Friday, April 3, 2009

Palau's Shark/Fishing Legislation: a reputation for conservation at risk

Palau has been a favorite dive tourist destination for many years because of its wonderful reefs and bountiful fishlife. And the island has, in the past, taken active steps to protect its shark populations with aggressive action against illegal shark finning operations. All of these efforts have contributed to the island's tourist economy and sound conservation policy.

But that all could potentially be undone with recent legislation that was introduced to both allow for commercial shark fishing and allow for the use of purse seining - a method that brings in a large amount of by-catch. Palau commercial fishing interests have been working with Philippine fishing groups and the combined influence on Palau legislators has produced SB8-44 (which drops the ban on shark fishing) and SB8-50 (which drops an export tax on fish caught by purse seining).

According to FinsMagazine, the collective result of the laws would be:
  • To permit and encourage the killing of sharks in Palau’s waters
  • To promote shark finning
  • To promote fishing methods that according to Monterey Bay Aquarium “result in large amounts of unintended catch” including sharks, dolphins, turtles, rays and juveniles:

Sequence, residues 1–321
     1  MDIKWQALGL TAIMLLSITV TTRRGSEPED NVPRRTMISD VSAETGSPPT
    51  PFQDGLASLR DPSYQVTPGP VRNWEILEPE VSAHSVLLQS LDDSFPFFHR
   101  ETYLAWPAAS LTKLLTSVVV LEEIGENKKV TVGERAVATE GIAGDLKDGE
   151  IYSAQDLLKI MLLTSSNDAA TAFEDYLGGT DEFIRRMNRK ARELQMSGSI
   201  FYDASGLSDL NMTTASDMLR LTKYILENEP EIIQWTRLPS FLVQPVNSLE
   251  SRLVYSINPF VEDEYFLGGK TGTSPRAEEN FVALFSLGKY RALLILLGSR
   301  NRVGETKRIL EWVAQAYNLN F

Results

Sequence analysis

• To exempt fishing companies from any export taxes on fish taken from Palau’s waters
  • To make it practically impossible for Palau’s law enforcement personnel to successfully prosecute alleged violators in the courts
  • To risk destroying Palau’s sustainable tourism industry
  • To risk destroying Palau’s marine resources through unsustainable practices
  • To gamble on all of the above for no apparent gain to Palau or Palauans.
This issue has made the rounds of several shark blogs recently, but opinions from everyone - from divers to land-bound ocean advocates - are needed to remind the Palau government that the negative impact on tourism and the island's marine ecology will ultimately outweigh the short-term gains in a working relationship with Philippine commercial fisheries.

Email the Palau Chamber of Commerce ( and Belau Tourism Association ( and the government tourism office Palau Visitors Authority ( .


Anonymous said...

Curious if anyone’s has checked out the new book “Hell’s Aquarium” by Steve Alten? It’s an awesome read. It’s about the ancient prehistoric shark Megalodon, which makes the current Great White Shark look like a gold fish. I am currently reading it now:

RTSea said...

Megalodon was an interesting character. A related species but not necessarily a direct ancestor of great whites, Megalodon is another example of an animal's size (some scientists believe its size has been exaggerated - still huge but not as huge sometimes reported) working against itself as the earth evolved, much like some of the large dinosaurs and mammals that have roamed the planet but ultimately could not be supported over the long haul.

Haven't read Hell's Aquarium but will look into it. Also, check out Great White Sharks: The Biology of Carcharodon carcharias, edited by Dr. Peter Klimley.